Virginia House of Delegates v. Bethune-Hill

LII note: The U.S. Supreme Court has now decided Virginia House of Delegates v. Bethune-Hill .


Does a state legislature have standing to appeal a district court’s order to enact a remedial redistricting plan; and, does that state legislature violate the Equal Protection Clause when it uses race to draw legislative districts during the post-census redistricting process to comply with the Voting Rights Act?

Oral argument: 
March 18, 2019

The Virginia House of Delegates argues that it not only has the proper standing to appeal the district court’s decision rejecting its redistricting plan, but also that race did not impermissibly predominate in the redistricting process. But even if race did predominate, the House further contends that its redistricting plan satisfies strict scrutiny because it must consider race to comply with the Voting Rights Act of 1965. Bethune-Hill and other Virginia voters as well as Virginia Attorney General Mark Herring respond that the House does not have standing to appeal because it does not suffer a particularized and concrete injury. Furthermore, Bethune-Hill notes that even if the House has proper standing, race predominated in the redistricting process and the redistricting was not narrowly tailored enough to survive strict scrutiny. The outcome of this case has implications on future cases in which legislative bodies may wish to intervene, as well as on racial gerrymandering challenges.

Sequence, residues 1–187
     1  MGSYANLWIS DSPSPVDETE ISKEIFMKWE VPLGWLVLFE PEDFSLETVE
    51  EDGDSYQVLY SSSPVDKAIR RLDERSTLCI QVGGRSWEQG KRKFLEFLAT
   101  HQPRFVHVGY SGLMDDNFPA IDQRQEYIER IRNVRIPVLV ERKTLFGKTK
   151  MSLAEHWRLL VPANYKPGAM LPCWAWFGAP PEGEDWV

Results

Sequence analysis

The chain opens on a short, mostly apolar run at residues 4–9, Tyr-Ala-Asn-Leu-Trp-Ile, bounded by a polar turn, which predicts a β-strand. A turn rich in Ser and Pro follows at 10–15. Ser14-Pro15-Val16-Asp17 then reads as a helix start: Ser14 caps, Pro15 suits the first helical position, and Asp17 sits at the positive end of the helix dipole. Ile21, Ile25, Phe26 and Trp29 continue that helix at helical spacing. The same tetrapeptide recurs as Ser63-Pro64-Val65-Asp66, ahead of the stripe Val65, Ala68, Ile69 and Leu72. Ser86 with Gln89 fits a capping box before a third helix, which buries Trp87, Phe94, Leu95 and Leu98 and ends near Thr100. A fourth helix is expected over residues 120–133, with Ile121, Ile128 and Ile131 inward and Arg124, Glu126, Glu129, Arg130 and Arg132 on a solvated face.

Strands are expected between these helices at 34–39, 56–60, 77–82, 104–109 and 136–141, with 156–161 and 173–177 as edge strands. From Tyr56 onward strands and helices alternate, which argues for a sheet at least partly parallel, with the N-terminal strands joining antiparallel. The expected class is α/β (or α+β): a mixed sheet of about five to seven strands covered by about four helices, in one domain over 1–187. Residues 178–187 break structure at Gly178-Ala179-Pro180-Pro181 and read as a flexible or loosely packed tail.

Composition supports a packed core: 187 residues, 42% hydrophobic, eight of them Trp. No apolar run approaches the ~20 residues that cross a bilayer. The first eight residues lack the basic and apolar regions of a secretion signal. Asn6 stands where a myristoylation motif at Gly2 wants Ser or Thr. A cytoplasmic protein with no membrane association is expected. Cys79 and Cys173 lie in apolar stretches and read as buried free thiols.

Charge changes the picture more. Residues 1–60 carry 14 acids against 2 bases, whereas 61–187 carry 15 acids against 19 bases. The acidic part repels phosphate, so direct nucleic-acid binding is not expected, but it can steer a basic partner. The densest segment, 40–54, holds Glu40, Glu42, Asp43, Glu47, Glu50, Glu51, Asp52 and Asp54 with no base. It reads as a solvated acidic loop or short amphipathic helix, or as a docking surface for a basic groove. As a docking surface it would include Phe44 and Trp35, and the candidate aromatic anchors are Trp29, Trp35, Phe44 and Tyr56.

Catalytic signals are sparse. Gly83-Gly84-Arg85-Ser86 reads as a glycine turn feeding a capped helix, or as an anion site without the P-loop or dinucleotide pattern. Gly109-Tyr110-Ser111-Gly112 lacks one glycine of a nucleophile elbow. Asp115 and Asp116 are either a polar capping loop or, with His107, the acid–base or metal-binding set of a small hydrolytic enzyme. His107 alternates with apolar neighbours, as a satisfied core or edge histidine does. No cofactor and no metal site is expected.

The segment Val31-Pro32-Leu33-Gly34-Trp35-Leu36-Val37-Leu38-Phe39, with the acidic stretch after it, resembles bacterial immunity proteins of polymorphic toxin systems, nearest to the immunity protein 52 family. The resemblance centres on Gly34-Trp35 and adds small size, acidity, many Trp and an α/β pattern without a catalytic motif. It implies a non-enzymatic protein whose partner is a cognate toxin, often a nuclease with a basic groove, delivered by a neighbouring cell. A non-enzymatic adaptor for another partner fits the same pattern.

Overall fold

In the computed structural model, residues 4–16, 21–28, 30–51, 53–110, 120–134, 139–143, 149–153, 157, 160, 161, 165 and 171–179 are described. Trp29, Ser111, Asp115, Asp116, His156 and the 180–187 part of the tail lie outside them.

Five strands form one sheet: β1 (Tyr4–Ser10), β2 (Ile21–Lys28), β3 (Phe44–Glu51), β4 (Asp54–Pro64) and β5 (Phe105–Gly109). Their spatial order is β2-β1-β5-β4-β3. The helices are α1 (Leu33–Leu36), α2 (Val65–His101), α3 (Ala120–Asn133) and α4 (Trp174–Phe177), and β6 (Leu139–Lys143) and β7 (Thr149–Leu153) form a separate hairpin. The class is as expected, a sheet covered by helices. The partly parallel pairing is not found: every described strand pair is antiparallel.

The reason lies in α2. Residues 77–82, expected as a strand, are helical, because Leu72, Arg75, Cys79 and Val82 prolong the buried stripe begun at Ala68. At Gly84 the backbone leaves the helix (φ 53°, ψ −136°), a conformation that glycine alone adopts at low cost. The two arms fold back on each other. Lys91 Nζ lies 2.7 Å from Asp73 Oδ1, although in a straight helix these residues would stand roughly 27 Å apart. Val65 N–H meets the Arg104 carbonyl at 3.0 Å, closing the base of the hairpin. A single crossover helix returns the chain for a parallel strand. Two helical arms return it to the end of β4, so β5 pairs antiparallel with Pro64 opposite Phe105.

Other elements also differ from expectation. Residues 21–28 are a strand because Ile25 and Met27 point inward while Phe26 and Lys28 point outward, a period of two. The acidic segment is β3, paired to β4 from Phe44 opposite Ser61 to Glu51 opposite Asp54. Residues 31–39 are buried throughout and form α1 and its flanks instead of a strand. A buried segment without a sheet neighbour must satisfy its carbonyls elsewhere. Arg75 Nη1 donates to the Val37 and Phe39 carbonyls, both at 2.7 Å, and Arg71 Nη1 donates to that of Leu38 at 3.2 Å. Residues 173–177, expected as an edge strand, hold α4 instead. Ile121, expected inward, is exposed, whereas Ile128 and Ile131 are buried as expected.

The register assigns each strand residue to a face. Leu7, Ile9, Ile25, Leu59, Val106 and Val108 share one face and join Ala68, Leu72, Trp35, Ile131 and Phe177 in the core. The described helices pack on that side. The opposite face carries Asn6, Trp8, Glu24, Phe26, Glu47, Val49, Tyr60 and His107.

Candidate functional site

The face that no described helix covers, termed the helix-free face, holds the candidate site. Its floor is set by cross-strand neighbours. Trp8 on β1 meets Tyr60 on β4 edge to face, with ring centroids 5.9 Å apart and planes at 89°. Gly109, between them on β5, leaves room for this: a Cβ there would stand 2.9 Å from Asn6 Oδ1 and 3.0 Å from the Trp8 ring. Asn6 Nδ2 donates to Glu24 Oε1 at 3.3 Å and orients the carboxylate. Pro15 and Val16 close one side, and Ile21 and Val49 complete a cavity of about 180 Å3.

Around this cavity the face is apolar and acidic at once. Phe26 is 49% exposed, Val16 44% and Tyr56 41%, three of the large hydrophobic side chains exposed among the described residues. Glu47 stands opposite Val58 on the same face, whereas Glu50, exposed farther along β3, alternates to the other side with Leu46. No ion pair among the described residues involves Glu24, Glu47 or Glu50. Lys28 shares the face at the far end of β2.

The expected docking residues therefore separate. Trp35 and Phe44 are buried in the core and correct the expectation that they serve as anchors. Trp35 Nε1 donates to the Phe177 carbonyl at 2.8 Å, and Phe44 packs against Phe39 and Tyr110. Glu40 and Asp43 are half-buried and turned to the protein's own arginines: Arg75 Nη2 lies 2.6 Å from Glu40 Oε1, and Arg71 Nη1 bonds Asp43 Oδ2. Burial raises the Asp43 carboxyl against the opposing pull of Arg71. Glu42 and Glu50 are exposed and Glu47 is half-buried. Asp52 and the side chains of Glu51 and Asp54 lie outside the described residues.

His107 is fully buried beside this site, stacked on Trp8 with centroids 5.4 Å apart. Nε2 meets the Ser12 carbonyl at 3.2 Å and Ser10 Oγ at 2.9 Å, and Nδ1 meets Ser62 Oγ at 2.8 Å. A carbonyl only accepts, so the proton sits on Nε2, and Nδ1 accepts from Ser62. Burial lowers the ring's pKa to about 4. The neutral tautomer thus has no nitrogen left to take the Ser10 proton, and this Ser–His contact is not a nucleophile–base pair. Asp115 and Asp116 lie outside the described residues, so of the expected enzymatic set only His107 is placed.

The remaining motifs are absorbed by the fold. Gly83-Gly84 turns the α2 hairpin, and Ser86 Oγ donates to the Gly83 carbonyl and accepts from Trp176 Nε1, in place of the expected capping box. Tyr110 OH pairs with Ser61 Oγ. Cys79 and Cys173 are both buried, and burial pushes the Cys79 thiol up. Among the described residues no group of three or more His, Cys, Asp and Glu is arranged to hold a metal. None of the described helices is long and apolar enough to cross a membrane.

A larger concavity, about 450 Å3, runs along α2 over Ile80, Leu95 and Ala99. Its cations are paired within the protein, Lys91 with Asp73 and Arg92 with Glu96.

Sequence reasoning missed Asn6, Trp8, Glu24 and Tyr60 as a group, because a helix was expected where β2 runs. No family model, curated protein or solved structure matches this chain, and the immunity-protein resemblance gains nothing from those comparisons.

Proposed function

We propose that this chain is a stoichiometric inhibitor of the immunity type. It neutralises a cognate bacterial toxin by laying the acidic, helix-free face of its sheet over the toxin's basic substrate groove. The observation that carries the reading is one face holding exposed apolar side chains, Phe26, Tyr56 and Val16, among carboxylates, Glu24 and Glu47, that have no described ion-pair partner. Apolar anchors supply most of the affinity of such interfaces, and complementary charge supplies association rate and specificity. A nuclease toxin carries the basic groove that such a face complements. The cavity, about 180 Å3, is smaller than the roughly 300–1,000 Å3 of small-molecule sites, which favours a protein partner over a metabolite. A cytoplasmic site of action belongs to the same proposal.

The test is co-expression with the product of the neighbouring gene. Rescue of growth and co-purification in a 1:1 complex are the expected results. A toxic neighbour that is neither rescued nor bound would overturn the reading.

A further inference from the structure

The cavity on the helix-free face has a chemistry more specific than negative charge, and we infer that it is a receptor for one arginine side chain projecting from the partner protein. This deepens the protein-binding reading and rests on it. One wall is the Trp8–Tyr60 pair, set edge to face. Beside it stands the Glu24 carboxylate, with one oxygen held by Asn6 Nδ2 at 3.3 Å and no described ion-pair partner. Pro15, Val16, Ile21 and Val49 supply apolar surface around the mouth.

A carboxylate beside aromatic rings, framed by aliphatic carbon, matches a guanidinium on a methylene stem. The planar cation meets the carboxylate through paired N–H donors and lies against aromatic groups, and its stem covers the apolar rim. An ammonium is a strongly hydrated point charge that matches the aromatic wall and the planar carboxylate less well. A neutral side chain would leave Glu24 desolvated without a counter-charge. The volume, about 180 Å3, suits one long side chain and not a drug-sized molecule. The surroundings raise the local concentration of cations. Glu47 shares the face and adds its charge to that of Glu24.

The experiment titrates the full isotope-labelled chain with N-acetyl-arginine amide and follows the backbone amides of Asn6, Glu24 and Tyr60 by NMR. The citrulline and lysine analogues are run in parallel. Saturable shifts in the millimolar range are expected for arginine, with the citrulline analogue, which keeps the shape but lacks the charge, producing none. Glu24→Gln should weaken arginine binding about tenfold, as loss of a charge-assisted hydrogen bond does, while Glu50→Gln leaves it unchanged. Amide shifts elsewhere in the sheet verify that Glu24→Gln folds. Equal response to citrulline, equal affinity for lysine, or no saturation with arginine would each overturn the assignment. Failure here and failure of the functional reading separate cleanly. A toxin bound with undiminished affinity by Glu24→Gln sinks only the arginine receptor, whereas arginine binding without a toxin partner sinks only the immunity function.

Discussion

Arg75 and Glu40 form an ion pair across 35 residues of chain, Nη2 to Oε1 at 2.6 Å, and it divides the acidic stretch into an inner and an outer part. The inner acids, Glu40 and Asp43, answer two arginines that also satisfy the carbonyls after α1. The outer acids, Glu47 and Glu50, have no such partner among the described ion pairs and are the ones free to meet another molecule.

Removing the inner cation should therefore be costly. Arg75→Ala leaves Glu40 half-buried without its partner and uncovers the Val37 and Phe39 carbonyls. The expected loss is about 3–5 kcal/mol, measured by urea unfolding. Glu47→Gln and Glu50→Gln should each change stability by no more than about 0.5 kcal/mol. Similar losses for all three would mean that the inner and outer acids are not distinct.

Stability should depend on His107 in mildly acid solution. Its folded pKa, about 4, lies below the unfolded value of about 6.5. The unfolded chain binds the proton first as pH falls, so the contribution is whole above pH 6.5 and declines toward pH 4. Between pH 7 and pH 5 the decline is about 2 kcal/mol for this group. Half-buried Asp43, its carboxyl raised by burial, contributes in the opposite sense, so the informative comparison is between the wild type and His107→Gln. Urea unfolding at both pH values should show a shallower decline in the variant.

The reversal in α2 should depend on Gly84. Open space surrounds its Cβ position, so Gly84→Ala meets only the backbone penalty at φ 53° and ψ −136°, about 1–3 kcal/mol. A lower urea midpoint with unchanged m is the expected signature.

Questions as Framed for the Court by the Parties